President Barack Obama, Vice President Joe Biden and Secretary of State showered Colombian President Juan Manuel Santos with praise after he won the Nobel Peace Prize last week despite being unable to get his peace agreement with leftist rebels ratified by Colombian citizens.
Calling Santos his “friend and partner,” Obama answered those who questioned giving Santos the award saying that the Nobel Committee made the right decision in “welcoming his tireless efforts to bring a just and lasting peace to Colombia,” and sending a message that the pursuit of peace must be supported.
“The democratic vote this week is a reminder that there is still work to be done to realize the future for which President Santos and so many citizens are striving, but it’s also a sign that the national dialogue Colombia needs is taking place now and is building on the momentum created by four years of difficult,” Obama said.
The work of peace is never finished. Vice President Joe Biden
The Obama administration, much like the rest of the world, was surprised when Colombian citizens narrowly defeated a peace deal that would have ended more than a half century of conflict with the Revolutionary Armed Forces of Colombia. The war has cost the lives of more than 220,000 and displaced six million people.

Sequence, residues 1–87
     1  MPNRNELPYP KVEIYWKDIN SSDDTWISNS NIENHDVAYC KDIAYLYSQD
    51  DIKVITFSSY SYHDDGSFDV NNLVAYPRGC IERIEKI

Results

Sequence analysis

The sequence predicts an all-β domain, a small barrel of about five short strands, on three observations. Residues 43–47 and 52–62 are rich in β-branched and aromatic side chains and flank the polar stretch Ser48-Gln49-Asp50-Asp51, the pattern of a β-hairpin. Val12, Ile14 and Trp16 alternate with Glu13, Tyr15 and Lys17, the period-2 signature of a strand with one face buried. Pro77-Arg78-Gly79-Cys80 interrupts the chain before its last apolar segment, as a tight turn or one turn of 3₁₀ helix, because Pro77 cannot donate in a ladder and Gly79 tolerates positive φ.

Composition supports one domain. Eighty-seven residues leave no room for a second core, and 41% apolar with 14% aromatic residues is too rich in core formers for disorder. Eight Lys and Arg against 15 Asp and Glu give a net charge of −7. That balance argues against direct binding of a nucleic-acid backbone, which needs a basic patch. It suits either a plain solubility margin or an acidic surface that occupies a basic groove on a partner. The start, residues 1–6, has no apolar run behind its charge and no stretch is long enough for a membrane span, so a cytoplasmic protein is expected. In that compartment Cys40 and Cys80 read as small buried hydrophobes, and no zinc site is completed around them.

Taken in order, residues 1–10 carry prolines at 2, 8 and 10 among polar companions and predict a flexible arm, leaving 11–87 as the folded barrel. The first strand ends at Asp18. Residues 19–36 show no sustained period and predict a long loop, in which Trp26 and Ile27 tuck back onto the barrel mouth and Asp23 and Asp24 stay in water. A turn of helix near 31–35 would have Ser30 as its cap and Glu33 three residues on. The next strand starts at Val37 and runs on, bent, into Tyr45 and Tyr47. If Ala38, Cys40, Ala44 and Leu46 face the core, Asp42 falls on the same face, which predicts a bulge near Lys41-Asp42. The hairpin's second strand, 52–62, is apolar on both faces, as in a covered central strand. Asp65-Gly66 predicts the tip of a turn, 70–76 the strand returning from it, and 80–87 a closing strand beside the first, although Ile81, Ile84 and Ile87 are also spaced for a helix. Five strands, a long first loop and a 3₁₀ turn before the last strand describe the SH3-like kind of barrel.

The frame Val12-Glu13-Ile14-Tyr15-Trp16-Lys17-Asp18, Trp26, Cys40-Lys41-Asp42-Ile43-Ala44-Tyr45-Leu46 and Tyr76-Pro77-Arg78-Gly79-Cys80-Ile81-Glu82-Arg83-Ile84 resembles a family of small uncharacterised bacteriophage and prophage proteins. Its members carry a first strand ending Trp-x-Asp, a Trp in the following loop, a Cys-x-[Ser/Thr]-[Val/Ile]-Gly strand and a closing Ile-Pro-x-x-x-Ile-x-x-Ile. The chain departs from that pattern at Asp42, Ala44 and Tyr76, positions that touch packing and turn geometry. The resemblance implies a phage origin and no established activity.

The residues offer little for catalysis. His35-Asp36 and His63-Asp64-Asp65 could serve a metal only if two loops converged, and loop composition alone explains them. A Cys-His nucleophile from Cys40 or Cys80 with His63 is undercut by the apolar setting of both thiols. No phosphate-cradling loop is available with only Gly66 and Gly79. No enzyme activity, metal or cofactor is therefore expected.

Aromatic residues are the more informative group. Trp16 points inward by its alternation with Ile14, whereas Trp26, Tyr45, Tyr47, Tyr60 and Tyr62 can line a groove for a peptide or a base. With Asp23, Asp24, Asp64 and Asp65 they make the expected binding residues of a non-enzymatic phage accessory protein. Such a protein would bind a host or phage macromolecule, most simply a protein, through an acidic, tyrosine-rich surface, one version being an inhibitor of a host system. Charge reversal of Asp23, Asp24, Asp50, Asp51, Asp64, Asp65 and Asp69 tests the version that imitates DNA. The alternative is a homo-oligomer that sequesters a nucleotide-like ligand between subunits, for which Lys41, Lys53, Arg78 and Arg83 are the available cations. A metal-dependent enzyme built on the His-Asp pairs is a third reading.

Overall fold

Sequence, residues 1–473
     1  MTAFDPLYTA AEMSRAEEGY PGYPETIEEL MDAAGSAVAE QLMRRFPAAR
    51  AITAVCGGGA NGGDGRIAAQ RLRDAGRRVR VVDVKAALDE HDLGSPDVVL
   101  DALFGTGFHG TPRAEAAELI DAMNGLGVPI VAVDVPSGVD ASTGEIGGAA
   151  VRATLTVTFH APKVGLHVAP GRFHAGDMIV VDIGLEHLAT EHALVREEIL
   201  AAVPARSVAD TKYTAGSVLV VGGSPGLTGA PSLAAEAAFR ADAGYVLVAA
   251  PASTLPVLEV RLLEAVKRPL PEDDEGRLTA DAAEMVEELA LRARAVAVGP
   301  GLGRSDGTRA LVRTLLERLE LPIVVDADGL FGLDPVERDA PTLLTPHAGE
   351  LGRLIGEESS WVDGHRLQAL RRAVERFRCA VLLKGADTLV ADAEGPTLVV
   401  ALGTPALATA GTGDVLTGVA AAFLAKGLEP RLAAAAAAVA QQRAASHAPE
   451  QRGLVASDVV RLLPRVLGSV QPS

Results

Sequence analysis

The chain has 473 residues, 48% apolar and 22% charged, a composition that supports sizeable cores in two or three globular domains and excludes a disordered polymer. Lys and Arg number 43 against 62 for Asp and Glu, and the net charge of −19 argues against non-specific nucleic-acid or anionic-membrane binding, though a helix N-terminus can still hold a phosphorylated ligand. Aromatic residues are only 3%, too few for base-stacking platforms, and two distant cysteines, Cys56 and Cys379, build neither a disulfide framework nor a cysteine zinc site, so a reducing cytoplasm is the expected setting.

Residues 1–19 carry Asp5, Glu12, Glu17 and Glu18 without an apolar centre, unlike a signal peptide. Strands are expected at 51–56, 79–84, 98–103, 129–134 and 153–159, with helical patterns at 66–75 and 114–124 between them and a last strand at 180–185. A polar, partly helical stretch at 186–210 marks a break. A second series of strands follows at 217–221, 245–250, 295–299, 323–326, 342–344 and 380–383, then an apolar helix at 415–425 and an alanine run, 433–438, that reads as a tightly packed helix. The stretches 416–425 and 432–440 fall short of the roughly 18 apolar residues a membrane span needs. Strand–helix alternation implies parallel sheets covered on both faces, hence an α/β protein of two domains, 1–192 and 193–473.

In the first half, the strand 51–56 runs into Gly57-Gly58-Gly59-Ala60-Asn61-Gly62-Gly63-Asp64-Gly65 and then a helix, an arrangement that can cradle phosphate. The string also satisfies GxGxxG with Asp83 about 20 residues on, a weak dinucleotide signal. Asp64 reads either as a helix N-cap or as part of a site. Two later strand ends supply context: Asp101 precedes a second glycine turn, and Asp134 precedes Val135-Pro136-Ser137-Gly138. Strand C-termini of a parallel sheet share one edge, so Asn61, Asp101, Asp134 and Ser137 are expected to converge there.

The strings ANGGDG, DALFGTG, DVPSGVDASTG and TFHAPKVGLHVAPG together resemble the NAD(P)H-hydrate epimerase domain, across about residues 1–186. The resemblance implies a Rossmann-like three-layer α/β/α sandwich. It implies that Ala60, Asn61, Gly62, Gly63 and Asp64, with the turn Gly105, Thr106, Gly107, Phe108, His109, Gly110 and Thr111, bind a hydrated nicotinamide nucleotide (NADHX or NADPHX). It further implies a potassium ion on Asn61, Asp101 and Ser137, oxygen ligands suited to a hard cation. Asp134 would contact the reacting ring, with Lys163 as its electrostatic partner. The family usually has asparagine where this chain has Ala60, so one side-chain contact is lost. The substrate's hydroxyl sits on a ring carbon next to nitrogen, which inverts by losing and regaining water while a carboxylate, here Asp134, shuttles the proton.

The highlight of the deal included an end to the fighting, reintegrating thousands of fighters back into society, returning child soldiers to their families and reestablishing the rule of law in rebel-held areas. But many Colombian citizens couldn’t swallow the idea of protecting the rebel leaders responsible for such atrocities from jail time and actually offering them seats in Congress.
Although the Colombian people did not vote to ratify the negotiated peace agreement, Biden said they “have not turned their back on the idea of peace.” Biden encouraged the Colombian public to “keep the faith.”
“The work of peace is never finished,” he said.
The democratic vote this week is a reminder that there is still work to be done to realize the future. President Barack Obama
The administration recognizes and respects the decision of the Colombian people opposing the agreement, but Kerry said he hoped the Nobel award lends new momentum toward an agreement that will be more broadly accepted.
“We continue to believe that most Colombians urgently desire a definitive end to the violence,” Kerry said.